'Section 4. Any county may, upon petition signed by 15% of its registered voters, call an election to determine whether or not the manufacture and sale of wines shall be prohibited in such county; and any county may, after hearing had before the Superior Court, close any place retailing wines, which is not conducted in an orderly manner.'

The act of 1937 also amended the former act by striking from section 1 the provision as to freedom from taxation, and providing with particularity for taxation and regulation of the manufacture and sale of domestic wines, as well as the sale of foreign wines. It contained eleven sections in all, including the section as to repeal of laws in conflict. As will be noticed, the third paragraph of original section 4 of the act of 1935 was not mentioned. Ga.L.1937, p. 851. At the extraordinary session held next afterwards, the act of 1937 was amended by changing certain of its provisions relating to taxation, but no reference whatever was made to the provision as to county elections; the amendatory act here referred to having been approved on February 16, 1938. Ga.L.Ex.Sess.1937-1938, p. 185.

Next and finally came the act of March 27, 1941, described in its caption as an act to amend the act of 1935, 'as amended by Act approved February 16, 1938, extra session Laws of Georgia 1937-38, pages 185-188, by providing for the licensing of retail dealers and by providing for a license tax on retail dealers by county and municipal authorities; to change the rate of taxation; to authorize the revocation and declination of licenses; and for other purposes.' Ga.L.1941, p. 234. In section 1 of this act of 1941, it was declared that the act of 1935 be amended by repealing and striking from the said act the entire section 4 thereof, and by substituting in lieu thereof a new section 4, to read as follows:

'Section 4. Be it further enacted that when any retail business, that is the business of retailing wine, allowed under the provisions of this Act, is proposed to be carried on within the corporate limits of a municipality, the person, firm or corporation desiring to engage in the business of retailing wine shall be required to pay to the proper authority designated by the governing body of such municipality such license fee as may be fixed by the said governing body, which license shall apply to and be required for each place of retail distribution in said municipality. It is further provided that when any of said businesses retailing said wines are licensed by municipal authority, no county license fee shall be required in addition thereto.

When any business of retailing wine is located outside a municipality, the governing authority of the county in which the said business of retailing wine is located, is authorized to fix an annual license fee upon the said business of retailing wine and the governing authorities of any municipality or county may upon proper cause and hearing revoke any license for the retail sale of wine or the governing authorities of any municipality or county may refuse to grant such license upon proper cause.'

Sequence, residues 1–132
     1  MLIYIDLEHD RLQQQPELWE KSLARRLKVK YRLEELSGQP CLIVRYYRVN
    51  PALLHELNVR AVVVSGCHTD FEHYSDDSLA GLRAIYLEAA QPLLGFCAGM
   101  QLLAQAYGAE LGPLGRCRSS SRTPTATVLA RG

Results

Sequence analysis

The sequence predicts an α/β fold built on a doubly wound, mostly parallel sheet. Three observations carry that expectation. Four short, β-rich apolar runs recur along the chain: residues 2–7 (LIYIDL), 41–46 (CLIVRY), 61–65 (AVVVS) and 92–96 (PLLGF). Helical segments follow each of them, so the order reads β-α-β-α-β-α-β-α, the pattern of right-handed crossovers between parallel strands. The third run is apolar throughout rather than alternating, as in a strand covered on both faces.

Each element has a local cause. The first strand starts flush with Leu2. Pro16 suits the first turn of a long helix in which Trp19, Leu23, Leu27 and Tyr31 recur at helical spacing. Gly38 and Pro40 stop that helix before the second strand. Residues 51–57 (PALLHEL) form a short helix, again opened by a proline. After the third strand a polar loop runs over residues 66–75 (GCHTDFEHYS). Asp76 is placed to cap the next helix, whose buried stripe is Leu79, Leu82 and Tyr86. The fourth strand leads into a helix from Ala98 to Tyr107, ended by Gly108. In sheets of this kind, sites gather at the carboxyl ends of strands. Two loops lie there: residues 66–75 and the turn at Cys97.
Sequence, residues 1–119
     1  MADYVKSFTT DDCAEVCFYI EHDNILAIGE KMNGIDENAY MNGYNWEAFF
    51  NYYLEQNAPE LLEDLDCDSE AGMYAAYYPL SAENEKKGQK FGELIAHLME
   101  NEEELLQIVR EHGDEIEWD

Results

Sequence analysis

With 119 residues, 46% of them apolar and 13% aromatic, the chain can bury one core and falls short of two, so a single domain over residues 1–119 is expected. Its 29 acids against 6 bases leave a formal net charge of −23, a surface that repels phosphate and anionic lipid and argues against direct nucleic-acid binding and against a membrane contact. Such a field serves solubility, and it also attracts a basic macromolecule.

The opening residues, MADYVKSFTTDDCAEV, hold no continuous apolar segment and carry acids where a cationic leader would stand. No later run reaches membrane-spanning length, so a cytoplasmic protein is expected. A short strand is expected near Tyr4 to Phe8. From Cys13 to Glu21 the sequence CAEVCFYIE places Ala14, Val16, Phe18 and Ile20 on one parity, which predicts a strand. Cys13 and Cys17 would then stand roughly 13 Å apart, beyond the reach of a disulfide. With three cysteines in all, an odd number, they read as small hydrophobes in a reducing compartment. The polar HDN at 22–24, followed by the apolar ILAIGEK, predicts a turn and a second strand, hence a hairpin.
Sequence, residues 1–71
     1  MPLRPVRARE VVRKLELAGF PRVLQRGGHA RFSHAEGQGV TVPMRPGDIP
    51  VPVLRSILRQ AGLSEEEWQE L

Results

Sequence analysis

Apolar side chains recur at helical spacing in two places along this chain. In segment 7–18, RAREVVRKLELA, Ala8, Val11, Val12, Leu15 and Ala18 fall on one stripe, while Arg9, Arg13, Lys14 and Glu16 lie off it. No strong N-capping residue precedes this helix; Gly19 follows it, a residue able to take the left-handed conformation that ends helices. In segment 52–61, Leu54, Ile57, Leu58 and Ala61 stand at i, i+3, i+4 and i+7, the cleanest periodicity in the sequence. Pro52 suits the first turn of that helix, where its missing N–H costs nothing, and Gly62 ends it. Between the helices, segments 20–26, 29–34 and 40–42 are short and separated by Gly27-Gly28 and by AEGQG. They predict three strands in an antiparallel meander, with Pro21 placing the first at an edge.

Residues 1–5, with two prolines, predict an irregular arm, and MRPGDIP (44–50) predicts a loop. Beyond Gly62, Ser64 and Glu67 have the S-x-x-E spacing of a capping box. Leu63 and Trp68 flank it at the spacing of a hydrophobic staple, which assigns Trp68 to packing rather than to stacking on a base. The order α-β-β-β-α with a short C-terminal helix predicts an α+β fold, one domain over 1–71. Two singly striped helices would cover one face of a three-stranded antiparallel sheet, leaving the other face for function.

The act of 1941 contained only three sections. Section 1 has already been stated. Section 2 amended the act of February 16, 1938 as to matters relating to taxation, and section 3 contained a repealing clause as follows: 'All laws or parts of laws relating directly or indirectly to wine and the levy and collection of tax thereon which are manufactured, sold, possessed, or offered for sale within this State be and the same are hereby expressly repealed.' As will be observed from the foregoing résumé, the provision for local or county elections to determine whether the manufacture and sale of wines shall be prohibited in a particular county appeared originally in section 4 of the act of 1935, but it also appeared in totidem verbis in the amendatory act of 1937. It thus became also an integral part of the latter act; and the real question is whether it was swept from both acts by the act of 1941. Counsel for the plaintiff contend that there was both an express and an implied repeal, their reasoning, as we understand it, being as follows: (1) Section 3 as last quoted, supra, amounted to an express repeal of such provision as to county elections, as it appeared in both the former acts; (2) the act of 1941 purports to deal exhaustively with the same subject matter, namely, the manufacture and sale of wine, and for this reason must be considered as an implied repeal of the provision, as it appeared in any previous statute; and (3) the act of 1941 in repealing section 4 of the act of 1935 necessarily by implication struck and repealed so much of the...